The D2 has five buttons. Top-left is for the backlight and turning the device completely off—yes, completely off. Bottom-left is a dedicated “Return” button for menu navigation. The large orange button on the left side is the “action” button, and the two on the right side are up/down scroll buttons or Direct-To and Nearest when held. From the main time display, push the action button to get the top menu. Navigate the menu with the scroll buttons and press the action button for the page you want, such as stopwatch.

That stopwatch page has the time counter and the available functions of Start and Reset initially. Scroll to Start, press the action button to start the counter. The options now change to Stop and Lap. Scroll to Lap and press the action button to record a lap time. Scroll to Stop and press the action button to stop timing, then scroll to Reset and press the action button to reset it to zero. This is not difficult, just different than what we’re used to in a watch. Once you realize how things work, it’s simple.

We found that programming the watch isn’t easily accomplished when gripping a ram’s horn control yoke. That’s because you’ll need to angle the display to see it. While gripping the control stick of a Cirrus, it was impossible to see the display without letting go and twisting the wrist. Best case is to program while the autopilot flies.

Pilot Stuff
The D2 has a pressure altimeter. Adjust it with the local altimeter setting. Or, you can synch the altimeter to the WAAS GPS altitude if you don’t know the local setting—a nice feature, in our view.

There’s an internal temperature sensor. From pressure altitude and temperature the D2 calculates and displays density altitude. If you’re wearing the watch, the built-in temperature sensor won’t be accurate, of course. If accuracy is important, you can remove the D2 or use an outboard, wireless sensor, available separately.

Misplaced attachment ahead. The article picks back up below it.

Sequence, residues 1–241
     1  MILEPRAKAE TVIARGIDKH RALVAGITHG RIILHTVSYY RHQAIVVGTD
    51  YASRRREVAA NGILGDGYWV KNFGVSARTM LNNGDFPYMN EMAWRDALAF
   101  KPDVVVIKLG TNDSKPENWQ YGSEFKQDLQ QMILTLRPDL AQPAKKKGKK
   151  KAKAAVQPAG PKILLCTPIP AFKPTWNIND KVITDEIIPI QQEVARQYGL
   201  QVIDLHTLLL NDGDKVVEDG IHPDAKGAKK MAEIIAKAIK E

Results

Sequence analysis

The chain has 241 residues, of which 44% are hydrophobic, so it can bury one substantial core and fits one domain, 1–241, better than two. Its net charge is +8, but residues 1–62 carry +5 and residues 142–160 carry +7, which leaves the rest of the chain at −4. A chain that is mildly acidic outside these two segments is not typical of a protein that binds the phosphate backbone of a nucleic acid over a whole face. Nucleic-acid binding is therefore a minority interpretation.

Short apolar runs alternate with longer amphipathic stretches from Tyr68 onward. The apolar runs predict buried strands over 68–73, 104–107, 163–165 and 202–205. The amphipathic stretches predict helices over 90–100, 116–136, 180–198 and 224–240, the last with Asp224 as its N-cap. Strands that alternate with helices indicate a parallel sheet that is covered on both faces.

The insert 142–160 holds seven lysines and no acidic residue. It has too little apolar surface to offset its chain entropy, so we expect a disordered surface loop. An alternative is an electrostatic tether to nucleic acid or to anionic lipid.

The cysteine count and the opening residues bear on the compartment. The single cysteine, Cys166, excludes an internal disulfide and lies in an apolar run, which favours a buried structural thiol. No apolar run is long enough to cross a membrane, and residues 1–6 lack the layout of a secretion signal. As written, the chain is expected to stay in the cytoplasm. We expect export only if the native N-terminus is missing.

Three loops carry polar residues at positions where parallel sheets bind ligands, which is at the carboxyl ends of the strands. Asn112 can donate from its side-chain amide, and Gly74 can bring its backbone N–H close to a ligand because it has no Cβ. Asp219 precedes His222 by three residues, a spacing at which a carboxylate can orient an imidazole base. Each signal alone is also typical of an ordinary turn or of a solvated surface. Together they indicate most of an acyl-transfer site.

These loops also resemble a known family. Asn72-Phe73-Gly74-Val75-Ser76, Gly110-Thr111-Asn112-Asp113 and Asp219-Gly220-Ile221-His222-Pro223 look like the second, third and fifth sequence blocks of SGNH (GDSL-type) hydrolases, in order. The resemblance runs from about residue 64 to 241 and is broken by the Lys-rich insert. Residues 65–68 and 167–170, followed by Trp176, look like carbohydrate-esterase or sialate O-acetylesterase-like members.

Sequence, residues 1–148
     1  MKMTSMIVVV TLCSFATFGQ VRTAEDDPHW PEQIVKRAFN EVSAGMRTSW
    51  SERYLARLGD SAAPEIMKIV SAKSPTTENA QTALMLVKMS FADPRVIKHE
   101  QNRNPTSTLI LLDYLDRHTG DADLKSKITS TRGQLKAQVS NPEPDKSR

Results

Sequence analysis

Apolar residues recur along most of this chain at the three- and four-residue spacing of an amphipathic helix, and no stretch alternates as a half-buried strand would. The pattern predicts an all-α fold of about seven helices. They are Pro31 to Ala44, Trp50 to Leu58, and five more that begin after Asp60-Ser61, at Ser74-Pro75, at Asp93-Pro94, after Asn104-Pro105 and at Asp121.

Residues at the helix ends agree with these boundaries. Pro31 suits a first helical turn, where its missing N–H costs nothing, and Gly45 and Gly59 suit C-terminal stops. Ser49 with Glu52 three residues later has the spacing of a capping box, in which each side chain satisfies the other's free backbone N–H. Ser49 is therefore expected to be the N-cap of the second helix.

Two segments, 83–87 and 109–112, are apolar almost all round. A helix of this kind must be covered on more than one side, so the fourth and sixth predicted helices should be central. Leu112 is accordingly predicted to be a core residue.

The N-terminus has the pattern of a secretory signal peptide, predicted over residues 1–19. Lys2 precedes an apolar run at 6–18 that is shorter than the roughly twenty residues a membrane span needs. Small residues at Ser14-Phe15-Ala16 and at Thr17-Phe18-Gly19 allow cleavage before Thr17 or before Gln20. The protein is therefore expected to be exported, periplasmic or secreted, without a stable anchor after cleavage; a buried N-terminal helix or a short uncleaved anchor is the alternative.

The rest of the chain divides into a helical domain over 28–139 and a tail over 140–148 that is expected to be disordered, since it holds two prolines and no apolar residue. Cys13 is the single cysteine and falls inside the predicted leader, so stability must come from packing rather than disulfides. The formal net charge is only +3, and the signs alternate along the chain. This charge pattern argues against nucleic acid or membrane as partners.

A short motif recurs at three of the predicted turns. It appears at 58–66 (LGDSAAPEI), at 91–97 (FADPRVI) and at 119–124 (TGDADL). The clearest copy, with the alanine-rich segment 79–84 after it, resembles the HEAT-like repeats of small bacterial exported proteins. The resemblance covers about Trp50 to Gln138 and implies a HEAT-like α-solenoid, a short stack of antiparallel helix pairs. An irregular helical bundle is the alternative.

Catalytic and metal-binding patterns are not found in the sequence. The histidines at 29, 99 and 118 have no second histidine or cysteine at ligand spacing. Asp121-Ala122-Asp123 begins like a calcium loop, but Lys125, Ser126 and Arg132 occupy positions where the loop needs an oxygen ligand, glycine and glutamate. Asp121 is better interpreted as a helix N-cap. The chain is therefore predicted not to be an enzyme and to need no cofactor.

Speaking of wireless sensors, the D2 is designed to control Garmin’s VIRB action cameras. This can help solve the dilemma of controlling the cockpit cam when you can’t get to it, enabling wireless recording start and stop action, or controlling the VIRB still shooting.

With GPS a magnetic compass seems redundant, but the D2 has one. However, the compass is active when the GPS is off, so you can get a quick orientation without the GPS draining the battery.

Of course, the feature that most differentiates the D2 is the WAAS GPS. Once you enter a flight plan, it’ll navigate from point to point as you’d expect, with a diminutive HSI and even a map. It works.

The D2 has a geopolitical base map with cities and political boundaries. Of course, you can also enter user waypoints. But, the only aviation database is the identifier for public-use airports—no navaids or intersections. Search Nearest, for instance, to get a list of airport identifiers. If you know the identifier, select it and go. But, if you only know the desired airport by its name or city, you’ll be guessing.

Garmin has actually done an excellent job maximizing the use of the 70-by-70 pixel display, except that they chose a stylized font that can make the miniscule difference between some characters (H/K, O/D, A/R, etc.) difficult to distinguish. Add a little turbulence in flight and there will be user errors. The five-button user interface works well, although it’s a bit tedious.